De-intensification of Radiation & Chemotherapy in Low-Risk Human Papillomavirus-related Oropharyngeal Squamous Cell Ca
|Carcinoma, Squamous Cell Head and Neck Neoplasms Oropharyngeal Neoplasms||Radiation: Intensity Modulated Radiotherapy (IMRT) Drug: Cisplatin Procedure: Limited surgical evaluation||Phase 2|
|Study Design:||Intervention Model: Single Group Assignment
Masking: None (Open Label)
Primary Purpose: Treatment
|Official Title:||Phase II Study of De-intensification of Radiation and Chemotherapy for Low-Risk HPV-related Oropharyngeal Squamous Cell Carcinoma|
- Pathologic Complete Response Rate After De-escalated CRT in HPV-positive and/or p16 Positive Oropharyngeal Squamous Cell Carcinoma (OPSCC). [ Time Frame: 6 to 14 weeks after the last patient is enrolled, or approximately 24 to 32 months after study being opened ]Pathologic Complete Response Rate is defined as no evidence of residual viable cancer in the evaluated pathological specimens.
- Two-Year Local Control [ Time Frame: Median follow-up was 36 months with a range of 5-53 months ]Local control is the arrest of cancer growth at the site of origin.
- Regional Control [ Time Frame: Median follow-up was 36 months with a range of 5-53 months ]Regional control is the percentage of participants who displayed control of cancer in sites that represent the first stages of spread from the local origin.
- Cause-Specific Survival [ Time Frame: The median follow-up was 36 months with a range of 5-53 months ]Cause-specific survival is the percentage of participants who have not died from low-risk low-risk OPSCC.
- Distant Metastases Free Survival [ Time Frame: the median follow-up was 36 months with a range of ]Distant metastases free survival is the percentage of subjects in a study who have survived without cancer spread.
- Overall Survival Rate [ Time Frame: Median follow-up was 36 months with a range of 5-53 months. ]The percentage of participants who are still alive from the start of treatment.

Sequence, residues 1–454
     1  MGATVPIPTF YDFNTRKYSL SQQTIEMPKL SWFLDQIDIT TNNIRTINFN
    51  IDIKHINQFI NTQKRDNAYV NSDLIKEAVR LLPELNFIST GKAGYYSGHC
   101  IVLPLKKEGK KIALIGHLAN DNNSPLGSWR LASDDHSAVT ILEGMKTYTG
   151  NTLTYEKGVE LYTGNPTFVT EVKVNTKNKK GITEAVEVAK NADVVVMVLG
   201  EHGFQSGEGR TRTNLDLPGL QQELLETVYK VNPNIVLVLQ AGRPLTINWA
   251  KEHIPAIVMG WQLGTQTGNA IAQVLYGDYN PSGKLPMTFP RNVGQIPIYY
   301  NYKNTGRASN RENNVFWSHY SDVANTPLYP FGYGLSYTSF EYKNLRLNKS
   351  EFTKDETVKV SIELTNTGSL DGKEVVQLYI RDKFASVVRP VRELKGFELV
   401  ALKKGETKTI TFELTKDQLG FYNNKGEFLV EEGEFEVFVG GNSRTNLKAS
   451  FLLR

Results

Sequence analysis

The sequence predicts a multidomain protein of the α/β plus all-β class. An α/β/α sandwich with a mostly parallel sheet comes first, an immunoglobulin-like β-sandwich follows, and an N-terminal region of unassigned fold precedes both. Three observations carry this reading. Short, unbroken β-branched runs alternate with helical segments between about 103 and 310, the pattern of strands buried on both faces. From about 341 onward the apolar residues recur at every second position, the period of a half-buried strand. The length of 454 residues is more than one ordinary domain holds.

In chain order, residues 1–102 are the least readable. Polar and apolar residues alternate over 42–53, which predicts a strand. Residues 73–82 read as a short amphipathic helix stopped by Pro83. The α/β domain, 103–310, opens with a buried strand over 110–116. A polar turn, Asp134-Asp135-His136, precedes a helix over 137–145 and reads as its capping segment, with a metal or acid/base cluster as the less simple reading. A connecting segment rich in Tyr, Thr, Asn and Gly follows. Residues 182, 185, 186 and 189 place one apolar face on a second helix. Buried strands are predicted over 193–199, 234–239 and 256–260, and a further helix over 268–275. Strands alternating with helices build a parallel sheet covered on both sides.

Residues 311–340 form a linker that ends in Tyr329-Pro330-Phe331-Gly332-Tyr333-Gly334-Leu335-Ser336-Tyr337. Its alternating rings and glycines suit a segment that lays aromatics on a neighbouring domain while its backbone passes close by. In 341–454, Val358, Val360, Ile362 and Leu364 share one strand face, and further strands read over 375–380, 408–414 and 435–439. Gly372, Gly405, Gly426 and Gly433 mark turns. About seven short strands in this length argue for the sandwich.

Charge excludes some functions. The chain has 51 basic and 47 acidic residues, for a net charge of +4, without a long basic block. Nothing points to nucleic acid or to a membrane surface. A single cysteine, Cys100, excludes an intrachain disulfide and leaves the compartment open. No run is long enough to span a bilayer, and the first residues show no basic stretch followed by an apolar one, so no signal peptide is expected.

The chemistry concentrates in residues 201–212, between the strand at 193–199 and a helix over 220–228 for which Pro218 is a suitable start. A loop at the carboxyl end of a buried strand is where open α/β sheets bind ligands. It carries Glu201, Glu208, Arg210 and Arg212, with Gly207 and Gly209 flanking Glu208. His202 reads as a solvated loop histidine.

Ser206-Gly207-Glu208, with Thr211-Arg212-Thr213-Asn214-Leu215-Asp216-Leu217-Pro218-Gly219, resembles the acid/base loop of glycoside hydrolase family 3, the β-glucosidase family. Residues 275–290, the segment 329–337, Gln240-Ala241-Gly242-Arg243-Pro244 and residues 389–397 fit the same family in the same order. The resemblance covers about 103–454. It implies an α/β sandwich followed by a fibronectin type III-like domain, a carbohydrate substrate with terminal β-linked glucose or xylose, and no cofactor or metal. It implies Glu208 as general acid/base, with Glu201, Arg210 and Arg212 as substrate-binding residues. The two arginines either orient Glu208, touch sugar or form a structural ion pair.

- European Organization for Research and Treatment of Cancer Quality of Life Questionnaire (EORTC QLQ)-H&N-35 [ Time Frame: Prior to CRT, 4-8 weeks after CRT, follow-up visits for 2 years after CRT ]
The head & neck cancer module of the EORTC QLQ comprises 35 questions assessing symptoms and side effects of treatment, social function and body image/sexuality.
The head & neck cancer module incorporates seven multi-item scales that assess pain, swallowing, senses (taste and smell), speech, social eating, social contact and sexuality. There are also eleven single items. Most questions used 4 point scale (1 'Not at all' to 4 'Very much'); several single item questions (Pain killers, nutritional supplements, feeding tube, weight loss, and weight gain) were just coded as no=1, yes=2. The scores of these scales were averaged from the scores of the component items, transformed and analyzed on a 0 - 100 scale. For all items and scales, high scores indicate more problems (i.e. there are no function scales in which high scores would mean better functioning).
- European Organization for Research and Treatment of Cancer (EORTC) QLQ-C30 Global Health Status/QoL [ Time Frame: Prior to CRT, 4-8 weeks after CRT, follow-up visits for 2 years after CRT ]The EORTC QLQ-C30 is a cancer-specific instrument with 30 questions which incorporates 9 multi-item scales: 5 functional scales (physical, role, cognitive, emotional, and social); 9 symptom scales (fatigue, pain, nausea and vomiting, dyspnea, insomnia, appetite loss, constipation, diarrhea and financial difficulties); and a global health and quality-of-life scale. Most questions used 4 point scale (1 'Not at all' to 4 'Very much'); 2 questions used 7-point scale (1 'very poor' to 7 'Excellent'). The scores of these scales were averaged from the scores of the component items, transformed and analyzed on a 0 - 100 scale. A higher score=better level of functioning or greater degree of symptoms.